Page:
The need for medical workers grew so severe that Gov. Philip Murphy of New Jersey requested 100 ambulances from across the country to help, along with former medical professionals to join the effort. Klapper returned and, wanting to avoid infecting his parents, wife and 17-month-old son, moved into a high school friend’s pool house.
“The call volume had spiked so high, and the staff is what the staff is; there’s no magic potion that creates more EMS providers for you,” said Mike Bascom, the EMS task force leader in New Jersey. “Matt felt a sense of duty to come back and help.”
Almost immediately, Klapper said, his days and nights became consumed with the virus.
Before his first EMT shift in early April, he spent the day with the governor, Booker, the superintendent of the New Jersey State Police and the state health commissioner as they met — masked, of course — for a video conference with Vice President Mike Pence. That night Klapper drove an ambulance to his first coronavirus call.
“Matt came back and his attitude was that ‘Since I can only help you for a few weeks, just run me into the ground,’” said Apu Mullick, the chief of the Springfield First Aid Squad, who said Klapper was on duty for about 60 hours a week, largely overnight. “He made a tremendous difference. We never had to rely on outside help.”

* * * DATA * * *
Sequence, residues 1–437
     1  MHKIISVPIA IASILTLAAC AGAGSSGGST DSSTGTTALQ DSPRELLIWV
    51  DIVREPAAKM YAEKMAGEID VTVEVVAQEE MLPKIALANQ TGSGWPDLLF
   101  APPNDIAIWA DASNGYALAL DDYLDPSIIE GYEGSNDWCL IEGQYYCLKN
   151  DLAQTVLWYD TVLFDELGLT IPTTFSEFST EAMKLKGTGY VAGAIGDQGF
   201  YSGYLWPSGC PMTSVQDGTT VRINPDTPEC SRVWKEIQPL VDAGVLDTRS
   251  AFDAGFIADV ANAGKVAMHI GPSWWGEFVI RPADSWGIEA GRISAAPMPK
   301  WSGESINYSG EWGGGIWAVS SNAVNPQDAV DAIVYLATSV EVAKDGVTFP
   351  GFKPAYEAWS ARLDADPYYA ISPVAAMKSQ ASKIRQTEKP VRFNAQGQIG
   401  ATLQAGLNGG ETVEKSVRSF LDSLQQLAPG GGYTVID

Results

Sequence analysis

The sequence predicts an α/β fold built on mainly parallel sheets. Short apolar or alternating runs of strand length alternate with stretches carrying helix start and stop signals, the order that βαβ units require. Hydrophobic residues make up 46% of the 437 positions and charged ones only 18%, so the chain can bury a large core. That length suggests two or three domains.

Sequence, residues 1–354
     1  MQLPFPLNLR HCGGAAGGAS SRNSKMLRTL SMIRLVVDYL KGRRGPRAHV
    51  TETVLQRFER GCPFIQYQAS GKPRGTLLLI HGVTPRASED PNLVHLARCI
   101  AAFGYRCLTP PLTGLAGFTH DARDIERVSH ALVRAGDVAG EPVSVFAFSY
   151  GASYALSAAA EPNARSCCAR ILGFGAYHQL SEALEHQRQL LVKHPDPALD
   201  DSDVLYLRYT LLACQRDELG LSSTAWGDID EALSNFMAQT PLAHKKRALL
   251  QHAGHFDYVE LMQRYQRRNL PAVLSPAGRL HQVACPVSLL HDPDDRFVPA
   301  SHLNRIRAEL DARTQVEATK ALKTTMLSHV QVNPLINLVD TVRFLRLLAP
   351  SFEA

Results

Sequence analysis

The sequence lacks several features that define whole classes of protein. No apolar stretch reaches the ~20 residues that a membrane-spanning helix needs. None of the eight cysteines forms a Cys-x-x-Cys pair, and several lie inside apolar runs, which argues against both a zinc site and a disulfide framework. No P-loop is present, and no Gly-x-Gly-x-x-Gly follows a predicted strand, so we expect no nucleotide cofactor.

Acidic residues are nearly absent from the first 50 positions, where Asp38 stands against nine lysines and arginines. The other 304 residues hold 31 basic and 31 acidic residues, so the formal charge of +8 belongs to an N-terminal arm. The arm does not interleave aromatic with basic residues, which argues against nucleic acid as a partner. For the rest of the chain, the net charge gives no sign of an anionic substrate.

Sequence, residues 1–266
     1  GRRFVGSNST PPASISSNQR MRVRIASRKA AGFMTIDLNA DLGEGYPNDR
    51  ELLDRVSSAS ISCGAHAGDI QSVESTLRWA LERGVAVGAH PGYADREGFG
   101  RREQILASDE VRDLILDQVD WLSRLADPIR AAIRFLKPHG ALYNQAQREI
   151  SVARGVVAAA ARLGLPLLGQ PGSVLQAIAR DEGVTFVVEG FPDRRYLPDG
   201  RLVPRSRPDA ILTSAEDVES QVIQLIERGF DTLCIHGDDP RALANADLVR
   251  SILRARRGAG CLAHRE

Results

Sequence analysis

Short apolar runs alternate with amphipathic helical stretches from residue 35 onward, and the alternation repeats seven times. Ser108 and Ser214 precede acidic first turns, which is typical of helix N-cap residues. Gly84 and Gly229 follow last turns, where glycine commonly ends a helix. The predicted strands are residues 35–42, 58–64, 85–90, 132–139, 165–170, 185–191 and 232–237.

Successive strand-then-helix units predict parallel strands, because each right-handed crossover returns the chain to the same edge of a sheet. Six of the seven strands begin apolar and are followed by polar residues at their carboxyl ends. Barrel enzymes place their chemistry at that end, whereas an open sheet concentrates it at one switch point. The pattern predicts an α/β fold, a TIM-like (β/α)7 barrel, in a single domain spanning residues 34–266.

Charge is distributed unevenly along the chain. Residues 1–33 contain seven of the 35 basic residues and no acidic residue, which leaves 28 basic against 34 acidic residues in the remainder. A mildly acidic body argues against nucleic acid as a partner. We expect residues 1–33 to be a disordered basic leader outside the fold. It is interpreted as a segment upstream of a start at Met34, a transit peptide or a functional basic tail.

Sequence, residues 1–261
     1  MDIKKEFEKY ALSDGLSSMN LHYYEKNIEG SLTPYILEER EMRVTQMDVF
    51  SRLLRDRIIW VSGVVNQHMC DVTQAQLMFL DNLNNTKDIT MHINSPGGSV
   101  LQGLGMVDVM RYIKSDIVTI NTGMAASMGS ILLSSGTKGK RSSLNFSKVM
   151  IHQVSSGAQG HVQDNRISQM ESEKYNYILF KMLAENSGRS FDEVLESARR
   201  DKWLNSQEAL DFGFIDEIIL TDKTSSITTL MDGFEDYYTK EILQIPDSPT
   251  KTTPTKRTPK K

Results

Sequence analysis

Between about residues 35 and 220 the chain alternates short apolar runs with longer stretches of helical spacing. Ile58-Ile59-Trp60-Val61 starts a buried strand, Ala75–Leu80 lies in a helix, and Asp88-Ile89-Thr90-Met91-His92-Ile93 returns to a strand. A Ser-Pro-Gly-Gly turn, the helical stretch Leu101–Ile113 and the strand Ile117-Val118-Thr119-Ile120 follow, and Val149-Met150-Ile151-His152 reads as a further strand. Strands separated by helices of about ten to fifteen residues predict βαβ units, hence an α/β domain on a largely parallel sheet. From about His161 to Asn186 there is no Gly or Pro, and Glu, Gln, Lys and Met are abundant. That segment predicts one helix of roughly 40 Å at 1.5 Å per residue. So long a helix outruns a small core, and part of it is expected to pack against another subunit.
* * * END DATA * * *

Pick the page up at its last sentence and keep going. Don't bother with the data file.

Klapper’s double life involved a few, admittedly minor, sacrifices for Booker, as well. On several occasions, Klapper hung up on his boss to answer a literal — rather than their more typical political — emergency.
“You heard about him playing the, ‘Oh Cory, I can’t talk to you right now because I’m saving lives,” Booker said with a laugh. “How many times is he going to use that card on me?”
Klapper is, perhaps, a good fit for Booker — a professional rescuer working for a politician known for his dramatic and much-chronicled rescues.
During Booker’s action hero-like pursuits as the mayor of Newark, like when he saved a neighbor from a house fire or helped a pedestrian hit by a car, Klapper sometimes managed the actual emergency.
Several years ago, when Booker came across a car crash on the Garden State Parkway and jumped out to help, Klapper followed. At one point, Booker said, he grew nervous as the car filled with smoke.
“I’m not going to stay here if this thing blows up,” Booker recalled telling Klapper, who was working to stabilize the driver. “And he tells me, ‘Cory, that’s dust from the air bag.’”
In Washington, with Booker more confined to the halls of the Capitol, the press-shy Klapper has kept his emergency responder experience mostly private, according to those who’ve worked with him.
“Someone with his chops, especially in Washington, who does something like that — you would expect them to work it into every other sentence, and he just doesn’t do that,” said Sen. Brian Schatz, D-Hawaii, who called Klapper “a genuine mensch.”
Booker said Klapper’s experience enriched his response to the virus.